I’ve written about this issue extensively. Here’s the thing: during the Bush administration, the Consumer Product Testing Agency was downsized (severely) and the Chairman appointed to lead it was a Bush crony with absolutely no knowledge of or experience in any field relating to the testing and safety issues of products like toys, children’s furniture, etc. In a hearing before Congress, it was revealed that the main “lab” was just a trailer containing filthy desks piled high with file folders, mountains of toys and plastic rubbish, and unfiled paperwork; this was the domain of “Bob, the Small Parts Guy”. I wish I were making this up.
During the melamine pet food adulteration scandal, I learned that only about 1% of all imported food and food ingredients are ever actually inspected. Turns out the Food and Drug Administration was also cut to ribbons under Bush II. If the lab personnel did find something with lead in it–or melamine, or prohibited antibiotics, or lethal puffer fish labeled as monkfish–they turned it back, but all the exporter had to do was relabel it and try again. Remember: they were only looking at a 1-in-100 chance of getting caught again.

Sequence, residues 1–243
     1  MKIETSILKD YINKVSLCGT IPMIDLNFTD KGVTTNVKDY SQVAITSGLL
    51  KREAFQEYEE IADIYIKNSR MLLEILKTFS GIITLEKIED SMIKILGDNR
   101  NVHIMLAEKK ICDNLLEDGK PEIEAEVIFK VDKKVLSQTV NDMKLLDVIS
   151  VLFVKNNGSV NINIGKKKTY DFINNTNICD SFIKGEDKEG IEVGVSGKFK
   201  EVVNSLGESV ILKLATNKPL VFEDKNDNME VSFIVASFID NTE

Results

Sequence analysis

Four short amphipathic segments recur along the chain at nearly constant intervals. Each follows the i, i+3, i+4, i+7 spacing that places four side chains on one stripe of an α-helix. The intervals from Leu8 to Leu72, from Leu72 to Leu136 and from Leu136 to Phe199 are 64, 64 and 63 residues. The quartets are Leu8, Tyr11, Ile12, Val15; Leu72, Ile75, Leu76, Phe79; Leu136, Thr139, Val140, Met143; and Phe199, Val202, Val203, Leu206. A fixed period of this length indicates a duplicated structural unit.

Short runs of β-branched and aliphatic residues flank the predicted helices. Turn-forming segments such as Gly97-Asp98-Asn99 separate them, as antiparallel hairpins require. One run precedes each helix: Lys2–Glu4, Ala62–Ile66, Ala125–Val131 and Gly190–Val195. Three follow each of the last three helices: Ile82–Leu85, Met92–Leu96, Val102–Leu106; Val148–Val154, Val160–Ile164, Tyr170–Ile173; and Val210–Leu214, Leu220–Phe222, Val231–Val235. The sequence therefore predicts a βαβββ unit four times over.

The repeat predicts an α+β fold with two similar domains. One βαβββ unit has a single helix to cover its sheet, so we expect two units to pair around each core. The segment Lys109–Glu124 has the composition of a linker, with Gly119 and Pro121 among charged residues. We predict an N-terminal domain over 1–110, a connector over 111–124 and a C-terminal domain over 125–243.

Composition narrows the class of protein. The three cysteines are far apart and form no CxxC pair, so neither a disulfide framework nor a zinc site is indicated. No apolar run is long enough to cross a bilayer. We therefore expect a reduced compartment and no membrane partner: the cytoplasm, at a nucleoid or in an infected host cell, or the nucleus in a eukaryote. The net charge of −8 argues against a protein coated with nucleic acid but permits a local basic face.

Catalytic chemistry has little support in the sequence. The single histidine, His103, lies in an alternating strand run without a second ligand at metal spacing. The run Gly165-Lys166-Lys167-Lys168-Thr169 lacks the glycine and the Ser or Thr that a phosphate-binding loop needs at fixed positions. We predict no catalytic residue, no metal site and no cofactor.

Under the new public-private setup of the FDA under Bush, several of its key labs were closed, and scientists were given the choice of relocating their families and moving to the handful of “superlabs”, or, er, taking early retirement (two separate individual lab scientists wrote to me and gave me the heads-up on this; I confirmed it by searching all the hometown newspapers archives–believe it or not, virtually NONE of the mainstream, national media covered this unbelievable breach of the nation’s food security).
As you’d expect, a number of oversights, errors, and outright criminal acts occurred when the whole private-public partnership thing (between the FDA and Big Pharma) took flight with its “fast-track approval” program. Some were swept under the rug; others were covered by outlets like Mother Jones. Various scientists quit in disgust or were fired for not approving a certain drug, despite serious safety concerns (liver failure being one) Avantia and Ketek are two such drugs.